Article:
It's time for a new edition of "Packing for a Reading Retreat," where I imagine which books I would take with me if I were heading to a reading retreat, where there would be no distractions and I would be free to do nothing but read for a week. My imagined packing can fall into one of three categories: "New to Me," for books I've never read before; "Old Favorites," for past reads I'd like to revisit; and "Just in Case," for one book that can always be counted on to save me if one of the other selections turns out to be a dud. As the volumes of "Packing" pile up, I may share more "New to Me" choices and allow "Old Favorites" and "Just in Case" to appear only when a book which fits either category leaps out at me and demands to be recognized.
New to Me
tiny beautiful things: Advice on love and life from Dear Sugar, Cheryl Strayed
If you don't know about Dear Sugar and The Rumpus, you ought. The Rumpus is an online magazine with reviews, essays, interviews and so on--often about and by people you want to hear from and likely won't anywhere else. And Dear Sugar is their advice column. And tiny beautiful things is a collection of those columns. This ain't Dear Abby I'm talking about with one or two paragraphs of advice anyone with a brain and more than a decade or two of living behind them could give you (not that Dear Abby isn't usually right on the money); Sugar's responses are full-blown personal essays in response to her reader's questions, which themselves are often longer than an entire typical newspaper advice column and and are frequently heartrending. Dear Sugar is less advice about what to do about something and more an invitation to contemplate what it means to be human and to discover how to be better at it. This one is at the very top of my "to-read" pile.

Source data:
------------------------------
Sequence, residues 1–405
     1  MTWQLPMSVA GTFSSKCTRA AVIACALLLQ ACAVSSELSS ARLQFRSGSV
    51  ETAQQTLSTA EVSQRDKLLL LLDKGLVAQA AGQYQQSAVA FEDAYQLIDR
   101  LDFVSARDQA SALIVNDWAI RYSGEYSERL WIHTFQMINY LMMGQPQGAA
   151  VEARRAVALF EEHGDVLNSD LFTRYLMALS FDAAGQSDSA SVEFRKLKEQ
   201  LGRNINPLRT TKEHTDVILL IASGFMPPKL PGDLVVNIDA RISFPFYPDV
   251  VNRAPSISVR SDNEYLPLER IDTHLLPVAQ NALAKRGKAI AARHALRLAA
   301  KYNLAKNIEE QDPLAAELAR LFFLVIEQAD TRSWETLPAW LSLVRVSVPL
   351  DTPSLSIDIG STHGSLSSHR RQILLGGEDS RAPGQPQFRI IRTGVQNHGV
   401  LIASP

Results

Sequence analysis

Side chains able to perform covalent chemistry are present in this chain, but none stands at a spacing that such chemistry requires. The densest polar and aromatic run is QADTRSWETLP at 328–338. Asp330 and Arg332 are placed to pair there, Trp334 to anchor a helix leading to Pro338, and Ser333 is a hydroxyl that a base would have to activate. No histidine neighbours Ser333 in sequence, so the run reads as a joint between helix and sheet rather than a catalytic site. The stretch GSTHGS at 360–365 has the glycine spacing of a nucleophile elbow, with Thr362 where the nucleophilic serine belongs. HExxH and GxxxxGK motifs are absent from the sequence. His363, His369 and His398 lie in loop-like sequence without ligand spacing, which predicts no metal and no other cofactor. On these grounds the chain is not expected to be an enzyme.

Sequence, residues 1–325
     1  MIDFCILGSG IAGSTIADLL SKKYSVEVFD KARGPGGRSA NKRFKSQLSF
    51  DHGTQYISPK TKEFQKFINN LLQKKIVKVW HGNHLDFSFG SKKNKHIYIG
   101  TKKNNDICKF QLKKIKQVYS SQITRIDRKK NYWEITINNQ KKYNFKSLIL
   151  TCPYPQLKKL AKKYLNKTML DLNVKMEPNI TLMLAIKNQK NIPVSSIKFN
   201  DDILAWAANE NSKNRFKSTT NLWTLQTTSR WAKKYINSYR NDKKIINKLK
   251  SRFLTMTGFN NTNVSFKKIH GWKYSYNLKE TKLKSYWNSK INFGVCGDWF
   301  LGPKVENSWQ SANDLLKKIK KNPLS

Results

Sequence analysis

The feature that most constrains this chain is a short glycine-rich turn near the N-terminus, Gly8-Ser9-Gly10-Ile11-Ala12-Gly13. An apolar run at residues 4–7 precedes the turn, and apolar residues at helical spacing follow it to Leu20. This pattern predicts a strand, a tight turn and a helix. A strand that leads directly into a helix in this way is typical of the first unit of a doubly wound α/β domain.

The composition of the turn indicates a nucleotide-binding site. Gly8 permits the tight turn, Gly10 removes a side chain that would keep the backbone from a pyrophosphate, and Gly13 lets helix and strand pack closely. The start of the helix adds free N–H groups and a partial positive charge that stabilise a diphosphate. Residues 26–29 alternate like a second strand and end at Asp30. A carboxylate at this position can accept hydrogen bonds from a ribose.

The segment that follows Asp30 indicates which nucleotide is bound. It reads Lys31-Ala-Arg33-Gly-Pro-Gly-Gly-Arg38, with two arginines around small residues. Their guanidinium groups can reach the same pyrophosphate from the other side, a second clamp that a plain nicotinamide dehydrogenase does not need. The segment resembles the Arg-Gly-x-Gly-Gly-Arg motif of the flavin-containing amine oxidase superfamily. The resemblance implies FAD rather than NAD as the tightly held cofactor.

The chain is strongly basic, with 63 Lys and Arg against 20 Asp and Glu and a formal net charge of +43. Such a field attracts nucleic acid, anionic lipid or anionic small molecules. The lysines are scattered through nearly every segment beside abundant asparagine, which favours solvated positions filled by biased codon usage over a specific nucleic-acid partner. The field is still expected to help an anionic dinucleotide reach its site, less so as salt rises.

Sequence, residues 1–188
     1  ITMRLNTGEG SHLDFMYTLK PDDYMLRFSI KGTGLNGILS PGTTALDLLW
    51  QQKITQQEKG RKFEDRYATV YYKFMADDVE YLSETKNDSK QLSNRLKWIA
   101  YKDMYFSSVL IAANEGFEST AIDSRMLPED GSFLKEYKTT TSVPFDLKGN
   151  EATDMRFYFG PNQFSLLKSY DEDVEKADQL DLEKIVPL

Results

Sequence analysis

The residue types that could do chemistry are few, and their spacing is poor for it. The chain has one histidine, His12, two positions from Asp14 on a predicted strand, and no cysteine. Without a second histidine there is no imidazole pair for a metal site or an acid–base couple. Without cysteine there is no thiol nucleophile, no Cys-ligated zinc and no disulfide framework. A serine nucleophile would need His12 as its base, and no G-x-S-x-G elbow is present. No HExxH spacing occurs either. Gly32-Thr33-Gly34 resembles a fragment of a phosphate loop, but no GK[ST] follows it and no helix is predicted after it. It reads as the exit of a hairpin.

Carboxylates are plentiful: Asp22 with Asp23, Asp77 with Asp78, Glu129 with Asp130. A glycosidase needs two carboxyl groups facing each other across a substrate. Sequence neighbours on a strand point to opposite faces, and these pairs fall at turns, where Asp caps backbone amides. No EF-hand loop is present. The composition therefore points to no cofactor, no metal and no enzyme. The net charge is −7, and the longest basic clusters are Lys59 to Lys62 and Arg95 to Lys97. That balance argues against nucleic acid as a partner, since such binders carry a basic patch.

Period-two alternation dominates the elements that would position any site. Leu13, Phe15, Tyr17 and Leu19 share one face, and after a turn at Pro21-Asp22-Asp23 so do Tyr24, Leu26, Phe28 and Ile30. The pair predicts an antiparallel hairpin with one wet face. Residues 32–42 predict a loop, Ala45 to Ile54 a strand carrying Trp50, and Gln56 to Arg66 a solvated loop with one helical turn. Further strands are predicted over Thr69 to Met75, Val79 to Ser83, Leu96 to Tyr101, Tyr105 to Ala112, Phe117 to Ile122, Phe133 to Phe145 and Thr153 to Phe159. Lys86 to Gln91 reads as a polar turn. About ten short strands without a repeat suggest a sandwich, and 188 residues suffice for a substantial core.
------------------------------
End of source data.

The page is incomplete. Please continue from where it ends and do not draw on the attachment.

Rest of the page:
Seraphina, Rachel Hartman
Dragons! Seraphina is a young adult novel about human/dragon conflict wherein the dragons are sentient and eminently rational. Hartman cited Vulcans and a desire really to explore what a society based on individual rationality above all else would look like as part of her inspiration. She also reportedly listened to Italian polyphony and Breton bagpipe rock while she was writing. If she can put together a sentence, this basically cannot fail to be awesome, right?
Les Misérables, Victor Hugo
Doorstop-reads don't scare me off, exactly, but I'm often not in the mood to read them--usually because I have so many things I want to read now, now, now that I have a hard time committing so much reading time to one thing. But lately I find myself aspiring to a lot of chunkster reads all at once. Anna Karenina, The Forsyte Saga, War and Peace. And Les Mis calls to me more than any other. I'm not sure why (this notion predates the release of the recent movie, which I haven't seen. Actually, I've never seen any interpretation of the book.). Epic storytelling, tragic heroes, historical bits--all up my street. Or maybe it's just winter.
On the Map: A Mind-Expanding Exploration of the Way the World Looks, Simon Garfield
Oh, how I do love maps! World maps, fantasy maps, topography maps, ancient maps. I can just stare at a good one for yonks. So here's a book for me. On the Map talks history of maps and map-making, how maps shape our understanding of the world, maps in popular culture. I suspect this will be a book anyone with a map in her hall of the surrounding country "with all her favourite walks marked on it in red ink" will find fascinating.
Previous Editions of Packing for a Reading Retreat: